Peter Serles places a sample of magnetene in the atomic force microscope. Photo: Daria Perevezentsev/University of Toronto Engineering.
Peter Serles places a sample of magnetene in the atomic force microscope. Photo: Daria Perevezentsev/University of Toronto Engineering.

A team of researchers from University of Toronto Engineering in Canada and Rice University have reported the first measurements of the ultra-low-friction behavior of a material known as magnetene. Their results point the way toward strategies for designing similar low-friction materials for use in a variety of fields, including as tiny, implantable devices.

Magnetene is a 2D material, meaning it is composed of a single layer of atoms. In this respect, it is similar to graphene, a material that has been studied intensively for its unusual properties — including ultra-low friction — since its discovery in 2004.

“Most 2D materials are formed as flat sheets,” says Peter Serles, a PhD candidate at University of Toronto Engineering, who is the lead author of a paper on this work in Science Advances.

“The theory was that these sheets of graphene exhibit low friction behavior because they are only very weakly bonded, and slide past each other really easily. You can imagine it like fanning out a deck of playing cards: it doesn’t take much effort to spread the deck out because the friction between the cards is really low.”

The team of researchers wanted to test this theory by comparing graphene with other 2D materials. While graphene is made of carbon, magnetene is made from magnetite, a form of iron oxide, which normally exists as a 3D lattice. The team’s collaborators at Rice University treated 3D magnetite with high-frequency sound waves to carefully separate a layer consisting of only a few sheets of 2D magnetene.

The University of Toronto Engineering team then put these magnetene sheets into an atomic force microscope. In this device, a sharp-tipped probe is dragged over the top of the magnetene sheet to measure the friction. The process is comparable to how the stylus of a record player gets dragged across the surface of a vinyl record.

“The bonds between the layers of magnetene are a lot stronger than they would be between a stack of graphene sheets,” says Serles. “They don’t slide past each other. What surprised us was the friction between the tip of the probe and the uppermost slice of magnetene: it was just as low as it is in graphene.”

Until now, scientists had attributed the low friction of graphene and other 2D materials to the theory that the sheets can slide because they are only bonded by weak forces known as Van der Waals forces. But the low-friction behaviour of magnetene, which doesn’t exhibit these forces due to its structure, suggests that something else is going on.

“When you go from a 3D material to a 2D material, a lot of unusual things start to happen due to the effects of quantum physics,” says Serles. “Depending on what angle you cut the slice, it can be very smooth or very rough. The atoms are no longer as restricted in that third dimension, so they can vibrate in different ways. And the electron structure changes too. We found that all of these together affect the friction.”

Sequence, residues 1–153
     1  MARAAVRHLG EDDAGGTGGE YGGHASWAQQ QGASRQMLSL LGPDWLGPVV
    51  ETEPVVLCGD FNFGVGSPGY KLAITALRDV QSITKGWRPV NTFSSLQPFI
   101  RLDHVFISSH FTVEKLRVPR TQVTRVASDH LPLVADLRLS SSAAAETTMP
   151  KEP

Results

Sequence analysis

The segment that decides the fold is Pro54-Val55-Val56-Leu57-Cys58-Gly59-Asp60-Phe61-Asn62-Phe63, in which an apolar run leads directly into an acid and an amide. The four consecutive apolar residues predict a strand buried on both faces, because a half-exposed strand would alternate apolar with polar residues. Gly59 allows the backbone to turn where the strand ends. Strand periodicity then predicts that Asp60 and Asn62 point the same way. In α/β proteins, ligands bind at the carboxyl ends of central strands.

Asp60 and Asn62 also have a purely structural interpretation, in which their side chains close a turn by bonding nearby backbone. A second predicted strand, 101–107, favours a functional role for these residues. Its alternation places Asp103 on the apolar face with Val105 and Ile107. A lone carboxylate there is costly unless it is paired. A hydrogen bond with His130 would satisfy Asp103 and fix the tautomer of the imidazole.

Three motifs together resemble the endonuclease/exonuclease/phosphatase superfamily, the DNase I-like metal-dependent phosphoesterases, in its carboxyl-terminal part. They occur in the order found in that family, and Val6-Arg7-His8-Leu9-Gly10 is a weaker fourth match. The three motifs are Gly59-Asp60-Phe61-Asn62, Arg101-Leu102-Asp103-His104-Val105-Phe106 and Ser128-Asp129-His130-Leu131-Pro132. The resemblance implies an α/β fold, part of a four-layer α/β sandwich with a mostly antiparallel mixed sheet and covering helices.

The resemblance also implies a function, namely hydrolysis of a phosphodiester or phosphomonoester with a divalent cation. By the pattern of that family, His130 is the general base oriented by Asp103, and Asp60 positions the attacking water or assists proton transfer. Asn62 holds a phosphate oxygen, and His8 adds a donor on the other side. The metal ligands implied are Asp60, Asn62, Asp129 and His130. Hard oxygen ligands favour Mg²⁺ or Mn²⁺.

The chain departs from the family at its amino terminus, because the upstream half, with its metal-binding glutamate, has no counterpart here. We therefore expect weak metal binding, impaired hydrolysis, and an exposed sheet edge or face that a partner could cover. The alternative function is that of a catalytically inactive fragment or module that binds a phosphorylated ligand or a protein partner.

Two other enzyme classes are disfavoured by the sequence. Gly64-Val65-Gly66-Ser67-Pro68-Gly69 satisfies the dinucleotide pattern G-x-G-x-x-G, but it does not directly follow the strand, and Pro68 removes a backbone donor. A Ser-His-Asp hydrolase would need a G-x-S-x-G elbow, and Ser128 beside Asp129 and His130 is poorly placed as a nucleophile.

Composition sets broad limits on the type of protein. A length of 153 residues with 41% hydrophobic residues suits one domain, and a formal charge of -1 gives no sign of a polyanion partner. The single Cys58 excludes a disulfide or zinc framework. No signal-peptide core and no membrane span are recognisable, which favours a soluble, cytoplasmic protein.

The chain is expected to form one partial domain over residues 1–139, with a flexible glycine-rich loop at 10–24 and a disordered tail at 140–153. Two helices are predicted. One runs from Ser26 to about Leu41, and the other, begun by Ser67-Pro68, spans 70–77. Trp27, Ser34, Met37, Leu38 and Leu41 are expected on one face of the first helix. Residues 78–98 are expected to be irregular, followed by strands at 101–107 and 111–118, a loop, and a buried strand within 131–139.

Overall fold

The team confirmed the role of these quantum phenomena by comparing their experimental results to those predicted by computer simulations. Chandra Veer Singh and Shwetank Yadav at University of Toronto Engineering constructed mathematical models based on Density Functional Theory to simulate the behaviour of the probe tip sliding over the 2D material. The models that incorporated the quantum effects were the best predictors of the experimental observations.

Serles says that the practical upshot of the team’s findings is that they offer new information for scientists and engineers who wish to intentionally design ultra-low-friction materials. Such substances might be useful as lubricants in various small-scale applications, including implantable devices.

For example, one could imagine a tiny pump that delivers a controlled amount of a given drug to a certain part of the body. Other kinds of micro-electro-mechanical systems could harvest the energy of a beating heart to power a sensor, or power a tiny robotic manipulator capable of sorting one type of cell from another in a petri dish.

“When you’re dealing with such tiny moving parts, the ratio of surface area to mass is really high,” says Tobin Filleter, a professor at University of Toronto Engineering and corresponding author of the paper. “That means things are much more likely to get stuck. What we’ve shown in this work is that it’s precisely because of their tiny scale that these 2D materials have such low friction. These quantum effects wouldn’t apply to larger, 3D materials.”

Serles says that these scale-dependent effects, combined with the fact that iron oxide is non-toxic and inexpensive, make magnetene very attractive for use in implantable mechanical devices. But he adds that there is more work to be done before the quantum behaviors are fully understood.

“We have tried this with other types of iron-based 2D materials, such as hematene or chromiteen, and we don’t see the same quantum signatures or low friction behaviour,” he says. “So we need to zero in on why these quantum effects are happening, which could help us be more intentional about the design of new kinds of low-friction materials.”

This story is adapted from material from University of Toronto Engineering, with editorial changes made by Materials Today. The views expressed in this article do not necessarily represent those of Elsevier. Link to original source.